is truly disappointing that the town of Bridlington has, but for a
few exceptions, nothing to celebrate a man who was destined to
become a saint. The man, of course, was John, from the family of
Twenge. And the saint? St John of Bridlington, the last English
saint before the Reformation. The exceptions? A stained glass window
in the Priory Church and, oddly, because John of Bridlington
abstained from alcohol, a public house in the town.
The fact that
the largest church in this East Yorkshire town, the Parish Church of
St Mary, known locally as the Priory, was once part of a huge
Augustinian monastery seems largely ignored by the majority of the
town’s residents. Perhaps it is because the current population is
made up, in a great part, by South and West Yorkshire people coming
to live out their retirement “by the seaside.”
The Priory is
all that remains of a once magnificent group of buildings that were
the Augustian monastery founded in 1136 by Walter de Gant. St John
of Bridlington was born in 1320 in the small Yorkshire Wolds village
of Thwing, about nine miles inland from Bridlington. He was schooled
in the village from the age of five and he took a vow of chastity
when he was 12 years old.
was continued at Oxford from about 1336 to 1339, and in 1340 he was
ready to become a monk in Bridlington Priory. He carried out his
duties with humility and diligence, and was in turn novice master,
almsgiver, preacher and sub-prior. He became Canon of the Priory in
1346 and was eventually elected Prior in 1356. John refused this
honour because of his humility and it was only when he was
re-elected, probably in 1361, that he took on the task of Prior in
community flourished under his leadership, which was marked by his
piety and also his administrative expertise. He served as Prior for
17 years before his death on October 10, 1379, and he was canonised
by Pope Boniface IX in 1401.
lifetime he enjoyed a great reputation for holiness and miraculous
powers. Probably the best known of these miracles has a special
significance for Bridlington as St John was said to have saved five
seamen from drowning during a terrible storm. The men, from
Hartlepool, had called upon God in the name of St John when their
vessel was in danger of sinking. He appeared to them and brought
them back to the safety of the shore. The men left their vessel at
the harbour and walked to the Monastery where they thanked John in
person for saving their lives.
occasion, during the time he was Cellarer, John was concerned about
the poverty of the people in the cottages surrounding the monastery.
He took to taking loaves of bread through the gate and handing them
secretly to the poor. Some people felt that John should not be
handing out bread so freely and wished to entrap him. On one of his
missions, John was stopped by these people. But he replied that he
was taking stones to mend the road outside the gate. When he opened
his cloak, his accusers took the bread he carried, but found that
the loaves had changed to stones.
once dined with John, who abstained from alcohol, but the guest
wished to taste the Prior’s wine. John did not want others to know
of his abstinence, but, after blessing the liquid in the silver cup,
allowed the visitor to taste the drink. John was complimented on the
quality of his wine, although John’s cup had contained only pure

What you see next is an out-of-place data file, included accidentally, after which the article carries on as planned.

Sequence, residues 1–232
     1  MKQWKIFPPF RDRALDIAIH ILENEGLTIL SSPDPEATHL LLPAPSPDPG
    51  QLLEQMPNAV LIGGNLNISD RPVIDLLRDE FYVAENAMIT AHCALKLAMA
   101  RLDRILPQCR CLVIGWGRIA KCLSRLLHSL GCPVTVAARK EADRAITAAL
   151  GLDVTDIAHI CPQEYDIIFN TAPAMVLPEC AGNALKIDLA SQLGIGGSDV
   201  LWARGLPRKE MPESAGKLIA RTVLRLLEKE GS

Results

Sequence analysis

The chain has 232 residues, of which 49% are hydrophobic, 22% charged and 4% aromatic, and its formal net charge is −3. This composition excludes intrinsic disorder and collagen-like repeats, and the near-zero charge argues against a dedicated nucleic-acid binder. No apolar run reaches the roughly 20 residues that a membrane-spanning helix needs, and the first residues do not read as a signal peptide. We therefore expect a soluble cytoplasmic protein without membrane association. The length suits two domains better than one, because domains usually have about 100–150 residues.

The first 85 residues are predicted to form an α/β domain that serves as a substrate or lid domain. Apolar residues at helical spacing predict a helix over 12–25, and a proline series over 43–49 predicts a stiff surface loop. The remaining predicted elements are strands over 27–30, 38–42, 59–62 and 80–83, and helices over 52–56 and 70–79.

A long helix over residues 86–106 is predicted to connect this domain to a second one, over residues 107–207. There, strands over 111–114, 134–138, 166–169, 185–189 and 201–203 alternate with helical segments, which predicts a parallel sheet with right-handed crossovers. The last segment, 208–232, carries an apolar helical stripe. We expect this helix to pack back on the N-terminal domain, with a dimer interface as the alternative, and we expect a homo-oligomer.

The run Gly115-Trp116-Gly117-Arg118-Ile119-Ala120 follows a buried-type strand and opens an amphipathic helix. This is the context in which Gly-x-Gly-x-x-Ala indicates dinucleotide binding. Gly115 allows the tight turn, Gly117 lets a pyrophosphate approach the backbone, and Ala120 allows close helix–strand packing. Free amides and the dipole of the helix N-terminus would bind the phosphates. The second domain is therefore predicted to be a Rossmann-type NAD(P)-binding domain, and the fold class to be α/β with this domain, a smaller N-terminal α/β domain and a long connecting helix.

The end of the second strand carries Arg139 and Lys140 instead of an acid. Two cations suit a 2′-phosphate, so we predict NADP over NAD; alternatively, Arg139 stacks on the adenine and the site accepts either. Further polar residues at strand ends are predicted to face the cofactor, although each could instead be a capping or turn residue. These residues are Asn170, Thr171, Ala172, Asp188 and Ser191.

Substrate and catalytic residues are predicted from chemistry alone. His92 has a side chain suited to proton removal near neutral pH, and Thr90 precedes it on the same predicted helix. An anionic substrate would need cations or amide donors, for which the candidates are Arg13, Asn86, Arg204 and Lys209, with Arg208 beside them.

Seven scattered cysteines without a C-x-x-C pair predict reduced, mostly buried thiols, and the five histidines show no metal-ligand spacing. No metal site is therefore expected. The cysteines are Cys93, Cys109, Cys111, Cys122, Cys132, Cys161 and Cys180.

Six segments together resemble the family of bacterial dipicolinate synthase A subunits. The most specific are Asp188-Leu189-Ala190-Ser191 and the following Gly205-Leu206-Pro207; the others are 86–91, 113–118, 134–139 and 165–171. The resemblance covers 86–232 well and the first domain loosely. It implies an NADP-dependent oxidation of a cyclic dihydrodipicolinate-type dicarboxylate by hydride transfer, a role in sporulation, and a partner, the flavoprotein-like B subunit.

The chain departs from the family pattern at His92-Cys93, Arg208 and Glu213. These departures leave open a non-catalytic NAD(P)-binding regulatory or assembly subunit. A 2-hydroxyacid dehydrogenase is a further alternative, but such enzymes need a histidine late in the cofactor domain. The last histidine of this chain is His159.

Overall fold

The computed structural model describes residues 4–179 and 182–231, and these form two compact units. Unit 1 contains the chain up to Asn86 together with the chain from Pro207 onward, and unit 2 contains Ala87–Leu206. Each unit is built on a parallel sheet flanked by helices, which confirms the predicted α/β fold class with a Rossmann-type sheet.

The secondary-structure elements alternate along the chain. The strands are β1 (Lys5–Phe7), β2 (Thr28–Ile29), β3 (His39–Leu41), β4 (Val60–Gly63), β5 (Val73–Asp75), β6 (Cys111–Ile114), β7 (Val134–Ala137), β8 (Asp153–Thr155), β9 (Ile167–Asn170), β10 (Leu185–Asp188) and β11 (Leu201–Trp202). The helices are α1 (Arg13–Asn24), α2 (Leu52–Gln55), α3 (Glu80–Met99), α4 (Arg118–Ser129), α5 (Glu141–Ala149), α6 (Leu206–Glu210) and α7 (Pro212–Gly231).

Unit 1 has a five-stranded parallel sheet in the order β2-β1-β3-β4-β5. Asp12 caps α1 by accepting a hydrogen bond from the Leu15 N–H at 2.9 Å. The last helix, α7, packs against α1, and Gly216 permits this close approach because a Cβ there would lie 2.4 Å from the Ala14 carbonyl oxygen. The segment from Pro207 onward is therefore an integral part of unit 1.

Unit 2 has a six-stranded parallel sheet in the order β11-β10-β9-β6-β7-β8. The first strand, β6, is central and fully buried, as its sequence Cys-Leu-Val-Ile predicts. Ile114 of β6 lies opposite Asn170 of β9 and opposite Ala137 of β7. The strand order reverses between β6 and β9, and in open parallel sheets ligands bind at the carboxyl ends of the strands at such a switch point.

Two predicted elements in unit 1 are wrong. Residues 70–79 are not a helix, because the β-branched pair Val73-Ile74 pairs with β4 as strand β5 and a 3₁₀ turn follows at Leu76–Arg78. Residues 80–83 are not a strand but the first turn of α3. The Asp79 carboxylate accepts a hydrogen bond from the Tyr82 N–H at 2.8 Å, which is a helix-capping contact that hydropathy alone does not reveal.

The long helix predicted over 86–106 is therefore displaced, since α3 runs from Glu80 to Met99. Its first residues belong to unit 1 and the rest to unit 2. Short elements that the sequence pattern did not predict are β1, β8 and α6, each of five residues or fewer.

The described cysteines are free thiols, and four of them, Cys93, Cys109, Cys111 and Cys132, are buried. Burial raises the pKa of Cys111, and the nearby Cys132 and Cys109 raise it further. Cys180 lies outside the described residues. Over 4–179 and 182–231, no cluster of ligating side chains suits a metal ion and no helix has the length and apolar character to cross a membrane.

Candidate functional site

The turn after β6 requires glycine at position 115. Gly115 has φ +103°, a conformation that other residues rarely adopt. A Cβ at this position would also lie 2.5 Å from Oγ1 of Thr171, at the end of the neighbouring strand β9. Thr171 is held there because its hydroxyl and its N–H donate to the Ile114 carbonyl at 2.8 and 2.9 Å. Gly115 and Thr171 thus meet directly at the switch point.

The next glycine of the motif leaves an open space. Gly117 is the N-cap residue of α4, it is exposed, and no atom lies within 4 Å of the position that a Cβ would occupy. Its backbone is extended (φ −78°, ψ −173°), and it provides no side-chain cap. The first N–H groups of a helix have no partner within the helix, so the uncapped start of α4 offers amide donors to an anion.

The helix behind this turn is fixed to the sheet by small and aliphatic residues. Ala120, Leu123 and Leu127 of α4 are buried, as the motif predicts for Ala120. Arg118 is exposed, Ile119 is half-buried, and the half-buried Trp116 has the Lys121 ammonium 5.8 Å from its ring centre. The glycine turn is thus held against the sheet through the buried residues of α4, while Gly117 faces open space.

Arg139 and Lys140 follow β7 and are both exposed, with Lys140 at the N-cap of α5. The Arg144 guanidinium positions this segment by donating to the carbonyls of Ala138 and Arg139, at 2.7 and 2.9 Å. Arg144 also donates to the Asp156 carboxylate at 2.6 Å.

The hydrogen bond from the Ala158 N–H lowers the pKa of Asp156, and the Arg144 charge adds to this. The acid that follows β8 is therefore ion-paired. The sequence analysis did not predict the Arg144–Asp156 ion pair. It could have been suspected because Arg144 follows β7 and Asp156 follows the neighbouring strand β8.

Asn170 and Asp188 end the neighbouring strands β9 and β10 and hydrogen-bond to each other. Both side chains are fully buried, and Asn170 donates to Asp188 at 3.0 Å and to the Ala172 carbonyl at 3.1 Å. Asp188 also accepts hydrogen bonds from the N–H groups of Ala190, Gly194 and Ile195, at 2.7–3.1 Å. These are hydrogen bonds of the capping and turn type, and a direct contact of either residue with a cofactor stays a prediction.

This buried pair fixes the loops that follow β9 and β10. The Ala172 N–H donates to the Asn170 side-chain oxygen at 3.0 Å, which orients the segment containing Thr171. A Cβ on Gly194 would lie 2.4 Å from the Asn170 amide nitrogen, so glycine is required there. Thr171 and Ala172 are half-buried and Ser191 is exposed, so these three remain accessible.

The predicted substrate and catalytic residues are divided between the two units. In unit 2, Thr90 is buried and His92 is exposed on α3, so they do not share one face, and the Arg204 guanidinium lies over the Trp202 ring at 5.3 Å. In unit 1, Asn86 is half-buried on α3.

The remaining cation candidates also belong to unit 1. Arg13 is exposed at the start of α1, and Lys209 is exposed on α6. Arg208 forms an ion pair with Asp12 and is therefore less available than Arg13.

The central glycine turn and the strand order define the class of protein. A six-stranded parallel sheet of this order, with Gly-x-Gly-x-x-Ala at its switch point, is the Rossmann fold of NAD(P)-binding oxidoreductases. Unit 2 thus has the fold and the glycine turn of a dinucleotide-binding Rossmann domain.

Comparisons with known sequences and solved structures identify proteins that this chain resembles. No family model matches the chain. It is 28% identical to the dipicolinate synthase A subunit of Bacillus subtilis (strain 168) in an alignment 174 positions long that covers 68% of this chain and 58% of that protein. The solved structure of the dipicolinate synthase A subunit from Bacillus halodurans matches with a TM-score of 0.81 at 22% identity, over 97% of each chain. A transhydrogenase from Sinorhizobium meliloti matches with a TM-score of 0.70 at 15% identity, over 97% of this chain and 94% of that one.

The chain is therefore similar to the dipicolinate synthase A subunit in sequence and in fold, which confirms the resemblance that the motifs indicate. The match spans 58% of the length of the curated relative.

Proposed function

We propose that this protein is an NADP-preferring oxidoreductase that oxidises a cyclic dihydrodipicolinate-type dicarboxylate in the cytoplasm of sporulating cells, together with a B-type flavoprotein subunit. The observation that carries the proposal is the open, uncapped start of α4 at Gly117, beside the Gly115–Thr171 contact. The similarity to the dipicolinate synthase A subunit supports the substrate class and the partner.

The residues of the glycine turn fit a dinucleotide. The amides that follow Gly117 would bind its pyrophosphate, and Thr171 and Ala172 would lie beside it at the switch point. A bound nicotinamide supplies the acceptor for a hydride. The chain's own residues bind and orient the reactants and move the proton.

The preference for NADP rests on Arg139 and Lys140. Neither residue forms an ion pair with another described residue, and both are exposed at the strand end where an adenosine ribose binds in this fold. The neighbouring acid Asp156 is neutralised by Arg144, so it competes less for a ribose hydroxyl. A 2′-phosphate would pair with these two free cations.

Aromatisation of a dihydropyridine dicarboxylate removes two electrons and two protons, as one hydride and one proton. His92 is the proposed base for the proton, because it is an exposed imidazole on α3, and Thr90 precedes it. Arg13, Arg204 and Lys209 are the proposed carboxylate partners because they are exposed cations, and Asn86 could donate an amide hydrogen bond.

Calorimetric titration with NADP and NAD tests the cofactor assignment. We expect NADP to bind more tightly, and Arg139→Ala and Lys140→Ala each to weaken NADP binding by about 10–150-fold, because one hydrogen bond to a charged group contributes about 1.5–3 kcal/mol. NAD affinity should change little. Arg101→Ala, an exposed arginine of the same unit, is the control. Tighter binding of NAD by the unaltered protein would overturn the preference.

occasion, a thatched roof caught fire in a cottage outside the
monastery. John carried a ladder and placed it against the wall so
that a widow could escape the flames. Everyone gave thanks that John
had saved the woman. When the ladder came to be moved again, it
needed three men to carry it away.
It is also
recorded that St John was struck by a large falling stone but
suffered no ill effects, and that such was his fervour at prayer
steam rose from his head. He is also credited with saving sight,
mending broken limbs, restoring speech, curing the plague, and
healing fever. Many of these miracles were recorded during John’s
death of natural causes in 1379, a mere 22 years passed before he
was elevated to sainthood on September 24, 1401. His relics were
translated on March 11, 1404.
In 1415, King
Henry V made a pilgrimage to St John’s tomb in Bridlington to give
thanks for victory at the battle of Agincourt.
Henry VIII’s men descended on Bridlington, destroying the monastery
and plundering the gold and silver for the king.
tomb and shrine of St John were burnt in public in the Old Town’s
feast day is October 21, formerly October 11, and he is often
represented with a book, a crozier, and fur almice. John is the
patron saint of women who face a difficult labour in childbirth.
Among the miracles which occurred after John’s death were those
which saved the lives of women who had been “two months or more in
A window in
Priory Church (top) depicts St John as pastor and teacher. As the
Mitred Prior he has a mitre, staff and a ruby ring.
has several streets with a reference to St John. They are St John
Street, St John’s Avenue, St John’s Avenue West, St John’s Close and
St John’s Walk. There is also a public house on Promenade called The
reference dealing with St John include St John of Bridlington,
published in 1924. This volume was No. 2 of the Journal of the
Bridlington Augustinian Society and written by J. S. Purvis, M.A. It
was then priced 1s. 6d. (seven and a half pence). Its 50 pages
include photographs of stained glass windows in churches around the
country: Thwing in East Yorkshire, Morley near Derby, Warwick,
Ludlow (Shropshire) and Hempstead-by-Eccles (Norfolk).